Stella Blackbird is not only a visionary; she also has the rare ability to make her visions a reality. From her work with her home community of Keeseekoowenin First Nation, to her role as elder with Urban Circle Training Centre and her vision for Makoonsag Intergenerational Children’s Centre, Blackbird has devoted her life to the service of others.
“Stella Blackbird is a community visionary who shares positive dreams for change… wherever she is invited to share life,” says Reverend Stanley McKay. “Stella has a passion for community transformation and she has a capacity to involve the community in building on a dream so that it becomes a reality.”
Involving the community is exactly what Blackbird, 75, attributes to her success.
“You never sit back and wait for [your vision] to happen,” Blackbird says. “You need to keep bringing that vision alive, you need to keep talking about it, you need to have other people listen.”
Of course it also takes perseverance. “You must continue even if you have to sacrifice a few things like leaving home and being away from family,” she adds. “I always follow nature; nature keeps doing the same thing, it keeps on its path.”
Rev. McKay, along with Eleanor Thompson, Rick Frost and Debbie O’Donnell, recently nominated Blackbird for a Caring Canadian Award. Created by the Governor General in 1995, the awards recognize individuals who volunteer their time to help others, building a smarter and more caring nation. Blackbird was given the award by the Gov. Gen. David Johnston at a ceremony in Winnipeg in June.
“I can’t describe it,” Blackbird says of winning the award. “I was in a world of my own reflecting back on all the things that I did and that somebody did notice. And most of all I wanted to inspire my people. I was very grateful and in shock.”
A survivor of the residential school system, Blackbird is a loving wife, mother, grandmother and great grandmother. She has an extensive knowledge of traditional medicines which she freely shares.
“Stella’s work with natural medicines and healing ceremonies puts her in contact with a vast community. Her ceremonial work has helped many people in our community reclaim a positive identity based on self-worth,” McKay says.
Red River College is currently documenting Blackbird’s traditional knowledge and stories to make them available for the entire community, McKay adds.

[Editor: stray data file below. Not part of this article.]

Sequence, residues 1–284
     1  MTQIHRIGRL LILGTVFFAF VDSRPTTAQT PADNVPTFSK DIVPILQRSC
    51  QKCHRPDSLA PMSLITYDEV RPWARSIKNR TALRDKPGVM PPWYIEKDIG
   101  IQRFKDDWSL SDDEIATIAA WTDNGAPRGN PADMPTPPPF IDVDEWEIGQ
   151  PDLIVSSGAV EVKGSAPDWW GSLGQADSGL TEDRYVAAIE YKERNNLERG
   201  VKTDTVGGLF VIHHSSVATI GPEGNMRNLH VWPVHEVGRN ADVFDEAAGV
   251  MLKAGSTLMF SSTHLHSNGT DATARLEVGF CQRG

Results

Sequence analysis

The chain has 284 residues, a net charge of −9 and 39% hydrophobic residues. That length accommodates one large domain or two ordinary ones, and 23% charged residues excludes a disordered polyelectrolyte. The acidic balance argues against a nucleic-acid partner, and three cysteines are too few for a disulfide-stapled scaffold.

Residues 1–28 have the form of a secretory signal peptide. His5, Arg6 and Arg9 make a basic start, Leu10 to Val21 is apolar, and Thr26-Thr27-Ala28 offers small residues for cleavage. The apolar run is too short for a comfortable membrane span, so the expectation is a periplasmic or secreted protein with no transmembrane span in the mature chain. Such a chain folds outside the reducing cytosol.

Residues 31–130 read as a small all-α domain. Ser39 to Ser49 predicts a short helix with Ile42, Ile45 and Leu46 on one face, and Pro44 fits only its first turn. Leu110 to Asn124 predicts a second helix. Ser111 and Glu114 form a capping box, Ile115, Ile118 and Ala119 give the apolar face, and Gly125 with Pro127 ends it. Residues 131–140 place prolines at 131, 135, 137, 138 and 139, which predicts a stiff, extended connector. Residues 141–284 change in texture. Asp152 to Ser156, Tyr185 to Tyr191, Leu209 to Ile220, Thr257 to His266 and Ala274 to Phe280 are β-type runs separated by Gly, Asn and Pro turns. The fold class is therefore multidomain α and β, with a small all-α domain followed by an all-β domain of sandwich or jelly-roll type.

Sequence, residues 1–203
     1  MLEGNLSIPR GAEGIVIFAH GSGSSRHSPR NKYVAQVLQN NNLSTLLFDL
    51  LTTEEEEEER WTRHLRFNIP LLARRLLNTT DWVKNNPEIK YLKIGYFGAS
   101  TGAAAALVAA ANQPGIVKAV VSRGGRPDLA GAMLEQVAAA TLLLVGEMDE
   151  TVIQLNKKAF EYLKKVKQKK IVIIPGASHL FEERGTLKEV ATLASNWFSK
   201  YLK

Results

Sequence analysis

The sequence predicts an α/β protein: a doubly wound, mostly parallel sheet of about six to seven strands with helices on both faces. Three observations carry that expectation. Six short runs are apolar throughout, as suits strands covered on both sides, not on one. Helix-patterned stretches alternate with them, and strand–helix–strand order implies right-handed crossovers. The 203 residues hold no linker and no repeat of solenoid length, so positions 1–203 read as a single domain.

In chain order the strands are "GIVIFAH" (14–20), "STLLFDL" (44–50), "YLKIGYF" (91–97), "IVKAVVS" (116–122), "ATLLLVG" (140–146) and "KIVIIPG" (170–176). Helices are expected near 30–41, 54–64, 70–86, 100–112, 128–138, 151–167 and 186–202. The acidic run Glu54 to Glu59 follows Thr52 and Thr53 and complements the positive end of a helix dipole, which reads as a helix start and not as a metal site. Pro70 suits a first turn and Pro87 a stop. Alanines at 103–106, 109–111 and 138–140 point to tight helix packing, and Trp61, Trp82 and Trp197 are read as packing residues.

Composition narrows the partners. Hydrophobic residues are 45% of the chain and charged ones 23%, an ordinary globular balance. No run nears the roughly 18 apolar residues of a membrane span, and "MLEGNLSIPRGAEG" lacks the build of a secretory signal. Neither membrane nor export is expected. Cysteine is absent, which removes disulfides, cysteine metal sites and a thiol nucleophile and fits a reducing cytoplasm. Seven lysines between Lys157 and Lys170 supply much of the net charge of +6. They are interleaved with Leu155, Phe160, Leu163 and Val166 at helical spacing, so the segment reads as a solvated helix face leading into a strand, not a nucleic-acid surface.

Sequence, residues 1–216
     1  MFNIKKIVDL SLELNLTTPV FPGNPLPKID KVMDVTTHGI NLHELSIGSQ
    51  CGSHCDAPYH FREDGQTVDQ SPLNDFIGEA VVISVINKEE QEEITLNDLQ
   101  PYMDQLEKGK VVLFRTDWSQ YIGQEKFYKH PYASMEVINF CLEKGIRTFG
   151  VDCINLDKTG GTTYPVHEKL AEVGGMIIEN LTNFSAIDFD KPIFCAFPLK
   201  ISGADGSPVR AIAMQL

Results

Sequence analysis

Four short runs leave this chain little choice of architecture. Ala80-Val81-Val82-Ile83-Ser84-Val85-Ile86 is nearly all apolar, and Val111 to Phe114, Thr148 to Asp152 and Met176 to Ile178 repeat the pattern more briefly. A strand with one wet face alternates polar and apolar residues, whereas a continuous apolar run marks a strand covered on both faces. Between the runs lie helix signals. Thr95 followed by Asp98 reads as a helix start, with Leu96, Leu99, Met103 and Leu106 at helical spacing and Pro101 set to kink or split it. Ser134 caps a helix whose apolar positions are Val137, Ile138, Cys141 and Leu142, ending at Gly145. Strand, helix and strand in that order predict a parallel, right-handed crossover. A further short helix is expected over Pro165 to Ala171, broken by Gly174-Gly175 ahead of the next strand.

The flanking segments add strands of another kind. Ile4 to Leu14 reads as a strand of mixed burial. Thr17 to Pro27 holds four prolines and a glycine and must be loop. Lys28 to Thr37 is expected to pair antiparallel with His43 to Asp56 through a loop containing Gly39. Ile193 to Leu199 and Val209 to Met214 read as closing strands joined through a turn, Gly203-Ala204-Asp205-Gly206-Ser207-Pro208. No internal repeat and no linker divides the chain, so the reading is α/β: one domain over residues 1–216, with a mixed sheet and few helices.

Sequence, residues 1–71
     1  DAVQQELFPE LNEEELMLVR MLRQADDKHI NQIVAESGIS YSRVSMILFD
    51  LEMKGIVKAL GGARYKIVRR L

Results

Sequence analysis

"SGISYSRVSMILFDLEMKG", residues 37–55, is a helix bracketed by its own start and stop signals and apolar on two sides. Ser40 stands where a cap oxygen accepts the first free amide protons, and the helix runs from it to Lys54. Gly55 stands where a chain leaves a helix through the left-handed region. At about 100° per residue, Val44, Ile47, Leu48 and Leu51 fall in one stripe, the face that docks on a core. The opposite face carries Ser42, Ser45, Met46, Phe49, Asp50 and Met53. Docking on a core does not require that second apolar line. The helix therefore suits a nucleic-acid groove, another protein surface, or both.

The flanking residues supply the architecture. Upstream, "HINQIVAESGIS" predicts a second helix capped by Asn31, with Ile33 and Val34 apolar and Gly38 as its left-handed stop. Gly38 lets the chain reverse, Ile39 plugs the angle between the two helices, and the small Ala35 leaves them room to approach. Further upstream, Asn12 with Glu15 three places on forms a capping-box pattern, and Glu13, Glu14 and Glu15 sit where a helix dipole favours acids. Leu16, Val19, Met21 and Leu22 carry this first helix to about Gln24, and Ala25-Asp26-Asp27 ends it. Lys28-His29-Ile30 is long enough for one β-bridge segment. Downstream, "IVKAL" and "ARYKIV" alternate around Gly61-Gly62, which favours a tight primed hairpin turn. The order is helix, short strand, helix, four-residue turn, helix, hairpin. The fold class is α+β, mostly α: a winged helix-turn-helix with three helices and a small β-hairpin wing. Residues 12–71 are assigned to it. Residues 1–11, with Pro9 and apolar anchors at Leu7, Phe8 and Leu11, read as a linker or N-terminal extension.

Since 1995 Blackbird has served as elder at Urban Circle Training Centre, one of the most successful Aboriginal training centres in Canada. Through a partnership with Red River College, Urban Circle delivers training in health care, education, family support work and early childhood education.
“Stella has provided traditional teachings that are at the heart of all programming,” says Eleanor Thompson, Urban Circle’s co-founder and director of development. Blackbird provides counseling for students and leads sharing circles, healing circles, pipe ceremonies, naming ceremonies and sweat ceremonies.
Blackbird was also instrumental in designing Urban Circle’s Selkirk Avenue facility, which is in the form of the sacred turtle. Construction was completed in 2003.
“Everyone who walks into the Centre remarks on the feeling of safety, wholeness and beauty they experience,” Thompson says.
In 2005, Blackbird envisioned an inter-generational children’s centre where the children and families of Aboriginal students studying in the Selkirk Avenue community could follow the traditional teachings and way of life on a daily basis.
“Stella’s dream was that never again would children have to feel the shame that she and thousands of others experienced in the residential school system, but rather would reclaim and embrace their identity freely with pride from the very earliest stage of life,” Thompson says. Makoonsag Intergenerational Children’s Centre officially opened in 2012.
Along with Tracy Bone, Blackbird established the Medicine Eagle Healing and Retreat Place for youth, adults and families. Located on the sacred ceremonial grounds of the ancestors near Riding Mountain National Park, Medicine Eagle is a healing camp where traditional ceremonies are held and medicines are harvested. Blackbird recently hosted a group from Costa Rica at Medicine Eagle, and is preparing for an upcoming four-day retreat with more than 40 participants.
Blackbird served as resident elder for the Ontario Native Education Counselor Association in Sudbury, Ont. and provided mental health services utilizing traditional methods for Ojibway Tribal Family Services Sacred Circle in Kenora, Ont. In addition, she served for many years in the Third Canadian Rangers of the Canadian Armed Forces, providing traditional teachings, survival skills and cross-cultural understanding to hundreds of youth and adults at Camp Borden, Ont.
She also recently returned from a two-week stint at the Healing Lodge on Beardy’s First Nation in Saskatchewan where she worked with Corrections Canada to help offenders re-integrate in to society following release.
“It’s quite interesting because it kind of changes their lifestyle from worry to peacefulness,” Blackbird says of her work with inmates.
Although it’s a slow process, Blackbird believes it’s important to teach people the importance of traditional medicines.
“We were scared because we were told through Christian teachings [traditional medicines were] the devil’s work,” she says. “That’s starting to change now as more people are coming forward and overcoming that fear.”
“I want to inspire people to learn about their culture,” Blackbird says.
Click here for more information about the Caring Canadian Awards.
This is part of a series on the recent Caring Canadian Award winners from Winnipeg. Click here to read about other recipients.